A wrong-side-of-the-tracks teen and his younger sister resist their aunt's efforts to become the little girl's guardian in "Little Glory."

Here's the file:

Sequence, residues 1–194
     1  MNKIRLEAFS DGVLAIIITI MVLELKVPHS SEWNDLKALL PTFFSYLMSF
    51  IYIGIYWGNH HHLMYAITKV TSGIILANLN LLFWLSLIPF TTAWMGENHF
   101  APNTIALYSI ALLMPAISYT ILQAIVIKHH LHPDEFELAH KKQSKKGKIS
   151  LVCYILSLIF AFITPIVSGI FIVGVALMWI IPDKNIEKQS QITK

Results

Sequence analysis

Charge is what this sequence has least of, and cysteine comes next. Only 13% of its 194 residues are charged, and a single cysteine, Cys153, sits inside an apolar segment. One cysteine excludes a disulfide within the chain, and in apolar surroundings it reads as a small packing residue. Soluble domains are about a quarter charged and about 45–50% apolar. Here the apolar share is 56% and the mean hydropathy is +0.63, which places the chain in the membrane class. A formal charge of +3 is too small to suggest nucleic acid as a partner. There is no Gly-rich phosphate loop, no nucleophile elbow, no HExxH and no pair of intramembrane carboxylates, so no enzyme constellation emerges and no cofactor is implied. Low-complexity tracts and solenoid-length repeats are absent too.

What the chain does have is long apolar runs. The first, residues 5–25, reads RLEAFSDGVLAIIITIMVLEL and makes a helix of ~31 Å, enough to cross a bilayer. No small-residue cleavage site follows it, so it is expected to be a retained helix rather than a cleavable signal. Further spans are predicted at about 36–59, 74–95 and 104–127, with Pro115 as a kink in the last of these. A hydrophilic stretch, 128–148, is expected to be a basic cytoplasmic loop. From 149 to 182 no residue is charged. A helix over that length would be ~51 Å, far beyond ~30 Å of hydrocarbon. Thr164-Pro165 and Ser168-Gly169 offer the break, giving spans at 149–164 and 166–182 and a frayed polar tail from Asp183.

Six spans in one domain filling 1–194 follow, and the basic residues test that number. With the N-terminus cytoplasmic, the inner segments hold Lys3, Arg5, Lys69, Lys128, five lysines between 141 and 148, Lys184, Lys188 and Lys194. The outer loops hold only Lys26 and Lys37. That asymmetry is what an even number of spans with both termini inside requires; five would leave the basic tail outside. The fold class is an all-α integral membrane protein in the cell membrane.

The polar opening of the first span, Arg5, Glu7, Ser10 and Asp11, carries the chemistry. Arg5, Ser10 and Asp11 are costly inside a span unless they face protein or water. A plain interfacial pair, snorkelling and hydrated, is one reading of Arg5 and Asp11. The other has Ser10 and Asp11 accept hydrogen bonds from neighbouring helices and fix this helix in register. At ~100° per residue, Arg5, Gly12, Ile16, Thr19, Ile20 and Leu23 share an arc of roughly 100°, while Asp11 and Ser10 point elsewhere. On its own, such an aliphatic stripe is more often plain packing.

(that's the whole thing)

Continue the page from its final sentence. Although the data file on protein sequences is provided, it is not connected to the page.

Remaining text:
A wrong-side-of-the-tracks teen and his younger sister, recently orphaned, resist their aunt’s efforts to become the little girl’s guardian in Belgian helmer Vincent Lannoo’s unconvincing English-lingo debut, “Little Glory.” Hobbled by dialogue that’s deader than the undead of Lannoo’s previous “Vampires,” the pic is a misfire on multiple levels, showing neither the thesps nor director in the best light. Subject matter and style is Afterschool Special material, though the cascade of swear words will nix smallscreen play except on cable.No one is upset when abusive alcoholic Bill (Bruce Geduldig) drops dead, least of all his 19-year-old son, Shawn (Cameron Bright) and young daughter, Julie (Isabelle Blake-Thomas). Shawn’s secretly grieving for his late mom, but isn’t exactly the responsible type, stealing car parts with friend Matt (Martin Swabey, overbearing). Still, when aunt Monica (Astrid Whettnal) wants custody of Julie, Shawn resists, and a judge gives him a month’s probationary period before making a decision. Line delivery is generally flat but the dialogue itself is mostly to blame, rarely believable and underlining every concept twice. Setting is meant to be Michigan, but the pic was shot in Canada.